July 8, 2019

The AL Central lead is 5.5 games, Twins fans

If you told a Twins fan before the start of the season that the team would have 56 wins, a new home run record and lead the American League Central before the all-star break, that fan would be thrilled (and possibly a tad skeptical).

All of that and more has happened, making the 2019 season a welcome surprise for Twins fans. Many of us thought the Twins would be good, but perhaps not this good.

But here’s the problem: A month ago the Twins led the division by 11.5 games and now that lead has shrunk to 5.5 games after Sunday’s extra-innings loss to the Texas Rangers. Meanwhile, the second-place Cleveland Indians, the defending AL Central champs, are heating up. The Tribe are undefeated in July at 5-0, while the Twins are 3-3.

The Twins were red hot through May and then their winning pace slowed, largely due to injuries. The all-star break comes at the right time, not only so the team can rest, but that injured players C.J. Cron, Eddie Rosario, Jake Odorizzi and Willians Astudillo can get ready or closer to ready for second-half play. The Twins miss Rosario who leads the team with 60 RBI.

Despite the loss on Sunday, pitcher Kyle Gibson struck the right note for the remainder of the season.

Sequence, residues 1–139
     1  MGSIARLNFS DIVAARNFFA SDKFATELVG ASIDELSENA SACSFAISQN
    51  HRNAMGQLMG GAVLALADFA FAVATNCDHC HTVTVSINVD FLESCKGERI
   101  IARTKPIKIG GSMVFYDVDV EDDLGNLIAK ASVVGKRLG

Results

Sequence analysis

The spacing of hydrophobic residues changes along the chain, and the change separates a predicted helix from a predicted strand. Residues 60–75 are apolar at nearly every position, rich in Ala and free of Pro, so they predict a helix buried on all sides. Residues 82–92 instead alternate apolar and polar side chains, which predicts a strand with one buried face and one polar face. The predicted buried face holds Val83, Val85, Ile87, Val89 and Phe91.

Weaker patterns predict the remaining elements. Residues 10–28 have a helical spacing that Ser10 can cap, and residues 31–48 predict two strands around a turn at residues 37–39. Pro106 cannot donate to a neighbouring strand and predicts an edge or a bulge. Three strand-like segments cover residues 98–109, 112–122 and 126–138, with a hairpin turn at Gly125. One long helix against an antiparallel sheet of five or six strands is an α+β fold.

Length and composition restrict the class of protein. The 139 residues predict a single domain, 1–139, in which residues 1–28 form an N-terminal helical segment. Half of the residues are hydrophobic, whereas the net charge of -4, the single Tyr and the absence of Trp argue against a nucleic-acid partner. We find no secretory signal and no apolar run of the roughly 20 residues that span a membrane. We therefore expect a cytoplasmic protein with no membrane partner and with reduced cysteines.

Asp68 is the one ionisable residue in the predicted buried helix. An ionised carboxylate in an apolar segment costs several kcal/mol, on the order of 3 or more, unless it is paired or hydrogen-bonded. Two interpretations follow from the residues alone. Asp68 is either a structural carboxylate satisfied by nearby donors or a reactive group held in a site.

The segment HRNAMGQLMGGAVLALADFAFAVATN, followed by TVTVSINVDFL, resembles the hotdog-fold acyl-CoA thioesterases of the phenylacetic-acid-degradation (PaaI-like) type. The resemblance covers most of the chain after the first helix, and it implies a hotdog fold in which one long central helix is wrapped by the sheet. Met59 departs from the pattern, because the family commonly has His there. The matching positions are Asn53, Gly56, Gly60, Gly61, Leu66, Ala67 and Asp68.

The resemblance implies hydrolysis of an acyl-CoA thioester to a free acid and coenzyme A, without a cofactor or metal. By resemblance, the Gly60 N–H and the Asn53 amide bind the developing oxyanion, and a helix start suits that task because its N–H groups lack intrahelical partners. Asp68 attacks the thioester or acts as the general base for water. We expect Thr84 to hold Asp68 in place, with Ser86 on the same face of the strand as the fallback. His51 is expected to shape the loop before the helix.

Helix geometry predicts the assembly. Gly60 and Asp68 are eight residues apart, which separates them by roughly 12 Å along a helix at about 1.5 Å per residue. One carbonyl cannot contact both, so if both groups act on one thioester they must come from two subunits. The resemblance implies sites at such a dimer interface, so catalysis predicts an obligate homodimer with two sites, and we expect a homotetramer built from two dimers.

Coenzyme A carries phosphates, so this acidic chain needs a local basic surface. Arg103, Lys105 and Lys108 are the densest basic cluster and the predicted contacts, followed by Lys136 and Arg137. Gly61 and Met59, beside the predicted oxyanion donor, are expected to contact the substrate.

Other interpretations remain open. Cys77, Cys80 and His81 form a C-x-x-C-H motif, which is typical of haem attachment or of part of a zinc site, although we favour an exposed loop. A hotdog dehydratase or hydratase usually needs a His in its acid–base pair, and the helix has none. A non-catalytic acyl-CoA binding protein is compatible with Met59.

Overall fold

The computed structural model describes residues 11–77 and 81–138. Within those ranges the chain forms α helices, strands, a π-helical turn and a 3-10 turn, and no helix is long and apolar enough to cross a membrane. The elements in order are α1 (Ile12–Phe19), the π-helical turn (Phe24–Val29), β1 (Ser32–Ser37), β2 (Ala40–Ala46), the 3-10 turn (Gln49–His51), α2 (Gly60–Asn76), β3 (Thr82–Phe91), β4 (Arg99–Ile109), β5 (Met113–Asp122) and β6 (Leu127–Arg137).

“I think if you asked us April 1 if we had a 5 1/2-game lead in the division at the All-Star break, everyone would be pretty happy,” Gibson told MLB.com on Sunday. “And today stings a little bit, losing in extra innings, but if we win the rest of the series the rest of the year, once again, we would be pretty happy. So perspective is a big thing in trying not to hang on every loss, hang on every win and trying to remain consistent.”

Extra innings…

-The Twins lost 4-1 in 11 innings on Sunday. Gibson pitched one inning, then turned the ball over to four relievers who gave up only one run before reliever Adalberto Mejia got the ball in the top of the 11th. He served up a three-run home run and that was the game.

-The Twins did little to untie the game. They left 10 men on base and were 0-for-9 with runners in scoring position.


Hi, I’m Rolf Boone, Twins fan.

I became a fan of the Minnesota Twins after a friendly wager in the early 1980s. I survived Ron Davis, the meltdown in Cleveland, Phil Bradley at the Kingdome and then marveled at a rising generation of stars and two World Series wins in 1987 and 1991. Brad Radke made the 1990s bearable, while Kirby Puckett’s eye injury, exit from the game and eventual death made it almost too much to bear. The new century ushered in more talent — Joe Mauer, Johan Santana, Joe Nathan, Torii Hunter, Justin Morneau — and consecutive seasons of playoff baseball, followed by consecutive seasons of losing baseball. A winning season returned in 2015. So here we are. Go Twins.